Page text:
SuChin Pak Opens Up About 'Misogynistic, Violent, Racist' Incident She Experienced at MTV News

Former MTV News correspondent SuChin Pak detailed how a man she identified as a "white male executive" used racist language while talking about her to a room full of other colleagues.

SuChin Pak
SuChin Pak. Photo: Rachel Luna/Getty Images

Former MTV News correspondent SuChin Pak is opening up about a racist and misogynistic incident she says she endured while working at the network.

Pak, who left MTV in 2008, shared a lengthy post on her Instagram page Thursday detailing how a man she identified as a "white male executive" used racist language while talking about her to a room full of other colleagues.

"Years ago, when I was a news correspondent at MTV, I overheard a colleague of mine, while watching me do the news that evening, tell a room full of people that I looked like a 'me sucky sucky love you long time' whore," Pak, 44, began in her post, referencing a line that appears in Stanley Kubrick's 1987 film Full Metal Jacket during a scene showing a Vietnamese prostitute approaching a U.S. soldier.

A rep for MTV did not immediately respond to PEOPLE's request for comment.

Pak, who was born in South Korea and moved to California at the age of 5, said she didn't say anything at the moment because she was afraid "to cause a fuss or be seen as difficult or too 'sensitive.'"

"I woke up the next day though and it hit me that he said it in a room full of people, mostly women, who somehow now think subconsciously or consciously that this kind of [misogynistic], violent, racist language could be overlooked and dismissed and that worse, that someone like me would just swallow it and shrink into the small space that I was allowed to occupy," the TV personality continued.

She said she fought to have the person "removed" and stopped going into work.

"The executives tried to mediate to reconcile but I refused," Pak wrote. "It dragged on for months. I did not do this because I had an agenda or even courage, I just had this sinking feeling in my gut that I had to do this. It's the kind of sinking feeling though that doesn't give you strength, or bravery, it was the kind that kept me in bed for a month, crying, scared and uncertain about everything."

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Her post comes days after a 21-year-old gunman allegedly shot eight people — six of them Asian women — and injured another person at three separate spas in the Atlanta area.

Even before the incident in Atlanta on Tuesday, hate crimes against the Asian-American and Pacific Islander community had been on the rise since the start of the COVID-19 pandemic. A report released by Stop AAPI Hate revealed that there have been at least 3,795 hate incidents targeting the AAPI community from March 19, 2020, to Feb. 28, 2021. More than 500 of those incidences occurred in 2021.

Pak referenced the violence against the AAPI community in her post, writing, "In this moment, as many of you are shaking with fear, uncertainty and anger, feeling like you don't have any power to do anything, know that in the midst of feeling small and invisible, you have a deep sense of dignity, of self worth and holding on to that in the darkest of places is enough."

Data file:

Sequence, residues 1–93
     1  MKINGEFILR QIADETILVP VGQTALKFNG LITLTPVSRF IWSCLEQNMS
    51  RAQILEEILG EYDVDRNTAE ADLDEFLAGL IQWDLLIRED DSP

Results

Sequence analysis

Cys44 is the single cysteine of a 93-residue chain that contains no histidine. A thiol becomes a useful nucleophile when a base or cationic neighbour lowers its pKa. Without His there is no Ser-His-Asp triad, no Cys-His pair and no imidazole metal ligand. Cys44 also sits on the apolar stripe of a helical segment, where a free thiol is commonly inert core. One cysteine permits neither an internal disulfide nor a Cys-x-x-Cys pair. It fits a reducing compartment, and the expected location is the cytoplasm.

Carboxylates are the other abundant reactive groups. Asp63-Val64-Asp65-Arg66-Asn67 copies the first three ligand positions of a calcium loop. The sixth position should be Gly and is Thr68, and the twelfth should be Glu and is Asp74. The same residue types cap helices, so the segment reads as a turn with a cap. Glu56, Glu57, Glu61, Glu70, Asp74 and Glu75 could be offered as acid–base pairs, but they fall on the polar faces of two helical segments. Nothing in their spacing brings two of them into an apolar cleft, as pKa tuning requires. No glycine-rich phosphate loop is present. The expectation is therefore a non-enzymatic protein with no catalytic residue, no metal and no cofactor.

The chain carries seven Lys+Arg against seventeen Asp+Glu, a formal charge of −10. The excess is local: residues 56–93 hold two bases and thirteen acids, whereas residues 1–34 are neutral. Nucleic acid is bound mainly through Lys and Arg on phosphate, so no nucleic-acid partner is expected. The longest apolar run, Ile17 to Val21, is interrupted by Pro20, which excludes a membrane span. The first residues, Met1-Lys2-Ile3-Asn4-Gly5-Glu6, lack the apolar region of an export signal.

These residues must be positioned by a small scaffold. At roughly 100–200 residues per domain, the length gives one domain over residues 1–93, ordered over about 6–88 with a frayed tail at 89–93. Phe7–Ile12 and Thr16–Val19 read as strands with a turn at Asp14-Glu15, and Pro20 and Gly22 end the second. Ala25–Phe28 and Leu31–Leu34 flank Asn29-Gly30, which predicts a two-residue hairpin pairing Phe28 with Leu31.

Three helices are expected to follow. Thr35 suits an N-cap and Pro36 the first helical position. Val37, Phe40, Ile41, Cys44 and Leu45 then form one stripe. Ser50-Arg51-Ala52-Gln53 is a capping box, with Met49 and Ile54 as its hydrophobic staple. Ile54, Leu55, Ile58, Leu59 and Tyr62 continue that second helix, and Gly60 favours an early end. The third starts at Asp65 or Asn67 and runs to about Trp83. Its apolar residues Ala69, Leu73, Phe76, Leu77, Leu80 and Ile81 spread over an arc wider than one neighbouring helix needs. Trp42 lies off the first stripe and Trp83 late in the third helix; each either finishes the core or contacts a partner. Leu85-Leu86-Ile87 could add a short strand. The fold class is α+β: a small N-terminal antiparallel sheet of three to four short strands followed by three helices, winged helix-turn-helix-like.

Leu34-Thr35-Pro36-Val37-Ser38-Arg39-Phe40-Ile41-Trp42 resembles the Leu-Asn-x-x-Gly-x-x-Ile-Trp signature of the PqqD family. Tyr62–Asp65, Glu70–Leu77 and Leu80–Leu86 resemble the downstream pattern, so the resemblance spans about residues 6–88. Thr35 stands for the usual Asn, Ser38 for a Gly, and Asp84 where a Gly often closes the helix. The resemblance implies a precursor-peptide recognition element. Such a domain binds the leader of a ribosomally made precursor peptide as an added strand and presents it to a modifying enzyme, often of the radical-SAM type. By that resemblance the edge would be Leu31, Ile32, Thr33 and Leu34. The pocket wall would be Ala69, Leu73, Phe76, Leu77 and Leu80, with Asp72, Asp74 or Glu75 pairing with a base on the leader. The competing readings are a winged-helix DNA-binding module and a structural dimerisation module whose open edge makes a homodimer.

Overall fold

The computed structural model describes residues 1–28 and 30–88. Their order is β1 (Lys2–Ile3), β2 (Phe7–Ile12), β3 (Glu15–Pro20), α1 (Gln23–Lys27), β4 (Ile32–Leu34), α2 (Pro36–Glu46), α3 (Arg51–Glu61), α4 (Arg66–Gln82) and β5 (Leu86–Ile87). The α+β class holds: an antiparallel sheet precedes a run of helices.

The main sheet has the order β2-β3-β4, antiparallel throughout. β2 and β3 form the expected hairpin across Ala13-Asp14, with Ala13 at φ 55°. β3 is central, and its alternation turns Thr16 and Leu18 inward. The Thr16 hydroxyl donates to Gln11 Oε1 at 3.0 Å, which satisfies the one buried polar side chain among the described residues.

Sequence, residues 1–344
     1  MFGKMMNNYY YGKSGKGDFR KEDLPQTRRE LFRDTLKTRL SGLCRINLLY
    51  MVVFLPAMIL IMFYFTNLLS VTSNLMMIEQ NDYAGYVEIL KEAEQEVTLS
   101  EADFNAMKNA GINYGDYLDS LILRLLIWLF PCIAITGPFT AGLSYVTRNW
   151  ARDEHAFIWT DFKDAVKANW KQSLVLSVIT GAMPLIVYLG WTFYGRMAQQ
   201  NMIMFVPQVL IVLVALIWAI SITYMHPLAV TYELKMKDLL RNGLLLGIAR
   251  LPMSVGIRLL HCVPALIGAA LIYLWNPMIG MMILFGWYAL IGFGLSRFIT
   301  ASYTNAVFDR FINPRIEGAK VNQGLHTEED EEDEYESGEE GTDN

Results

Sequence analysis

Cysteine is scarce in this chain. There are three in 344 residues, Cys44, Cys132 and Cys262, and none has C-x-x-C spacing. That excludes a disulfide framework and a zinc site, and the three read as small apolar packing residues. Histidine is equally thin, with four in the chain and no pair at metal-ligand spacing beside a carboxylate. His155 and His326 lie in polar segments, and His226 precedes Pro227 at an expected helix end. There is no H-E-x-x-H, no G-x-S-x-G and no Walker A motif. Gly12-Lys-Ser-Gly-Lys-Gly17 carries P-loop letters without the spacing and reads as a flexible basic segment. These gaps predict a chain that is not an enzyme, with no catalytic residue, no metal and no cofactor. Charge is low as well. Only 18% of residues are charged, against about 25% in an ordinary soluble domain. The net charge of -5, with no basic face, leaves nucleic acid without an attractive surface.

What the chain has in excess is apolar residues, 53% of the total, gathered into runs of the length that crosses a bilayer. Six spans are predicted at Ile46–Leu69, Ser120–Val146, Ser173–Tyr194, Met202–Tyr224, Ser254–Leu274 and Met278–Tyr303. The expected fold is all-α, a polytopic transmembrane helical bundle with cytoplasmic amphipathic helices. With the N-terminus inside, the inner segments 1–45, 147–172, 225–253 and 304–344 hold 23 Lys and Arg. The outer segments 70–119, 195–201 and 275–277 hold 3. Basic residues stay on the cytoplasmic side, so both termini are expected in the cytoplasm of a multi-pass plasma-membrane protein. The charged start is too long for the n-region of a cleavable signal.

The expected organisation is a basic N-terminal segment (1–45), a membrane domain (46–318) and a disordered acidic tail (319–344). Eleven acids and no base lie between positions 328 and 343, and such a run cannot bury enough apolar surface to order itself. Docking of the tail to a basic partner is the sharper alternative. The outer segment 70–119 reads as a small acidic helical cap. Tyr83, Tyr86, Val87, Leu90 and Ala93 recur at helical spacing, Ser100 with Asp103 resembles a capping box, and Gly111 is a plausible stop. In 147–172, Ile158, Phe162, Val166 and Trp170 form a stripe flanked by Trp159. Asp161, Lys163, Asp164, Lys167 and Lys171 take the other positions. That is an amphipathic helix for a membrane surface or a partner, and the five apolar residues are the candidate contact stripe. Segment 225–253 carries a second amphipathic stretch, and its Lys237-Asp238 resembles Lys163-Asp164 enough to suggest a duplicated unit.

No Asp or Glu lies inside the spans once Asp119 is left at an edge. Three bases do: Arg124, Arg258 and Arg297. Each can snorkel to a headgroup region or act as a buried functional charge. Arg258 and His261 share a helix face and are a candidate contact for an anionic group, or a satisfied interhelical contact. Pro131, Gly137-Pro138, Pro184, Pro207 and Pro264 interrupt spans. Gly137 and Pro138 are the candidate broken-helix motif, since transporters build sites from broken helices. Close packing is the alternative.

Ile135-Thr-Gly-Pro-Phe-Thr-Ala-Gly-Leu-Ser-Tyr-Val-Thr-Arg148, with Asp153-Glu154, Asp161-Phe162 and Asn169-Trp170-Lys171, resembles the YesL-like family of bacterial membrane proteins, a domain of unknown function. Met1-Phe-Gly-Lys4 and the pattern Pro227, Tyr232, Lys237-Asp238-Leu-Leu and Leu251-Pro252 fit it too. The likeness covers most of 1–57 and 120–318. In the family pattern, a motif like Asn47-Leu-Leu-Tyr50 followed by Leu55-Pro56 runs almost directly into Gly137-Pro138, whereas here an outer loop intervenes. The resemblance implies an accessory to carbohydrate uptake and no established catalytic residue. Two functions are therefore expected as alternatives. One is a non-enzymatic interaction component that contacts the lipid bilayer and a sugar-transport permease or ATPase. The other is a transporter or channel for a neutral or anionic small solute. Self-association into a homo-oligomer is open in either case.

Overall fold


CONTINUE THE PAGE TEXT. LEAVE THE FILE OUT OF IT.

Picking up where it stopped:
She detailed how she hired a lawyer to help her navigate her situation at MTV, noting that her ability to do so was a "luxury" that many others do not have.

"One last attempt was made at 'reconciliation' as if that was even appropriate," she explained. "Let me rephrase that, with what I know now — one last attempt was made to ask me to swallow my dignity, my identity, my rage to make a white man feel like he was still ok, loved and respected. A letter written by the man was handed to me as a final gesture, to bring me to submission."

"I was reminded once again, by the white male executive, that someone's livelihood was on the line, that I was somehow responsible for that," Pak continued. "I walked out, never touched or opened that letter."

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At the end of her post, she shared that she carries the memory of the racist incident with her to remind herself "that my dignity is something that can never be bargained with, isn't something for me to put away so someone else can feel comfortable."

"And one more thing I know now something that I didn't quite understand then, Asians have been the butt of jokes, but these jokes are not to be dealt with lightly," Pak concluded. "These jokes are just the timid veneer that hide violence, hate, [misogyny], racism and white supremacy. Our grandparents, our elders, our brothers and sisters are being spit on, punched, shot, attacked and murdered while these 'jokes' are being spit in our faces. Be angry. Be f------ enraged. And then do something to repair this damage. Read, donate, volunteer, share and hold one another as we find our way through this pain."

To learn more and to report crimes, go to: Asian Americans Advancing Justice, Stop the AAPI Hate, National Council of Asian Pacific Americans, Asian Americans Advancing Justice-LA, and Asian Pacific Policy & Planning Council.

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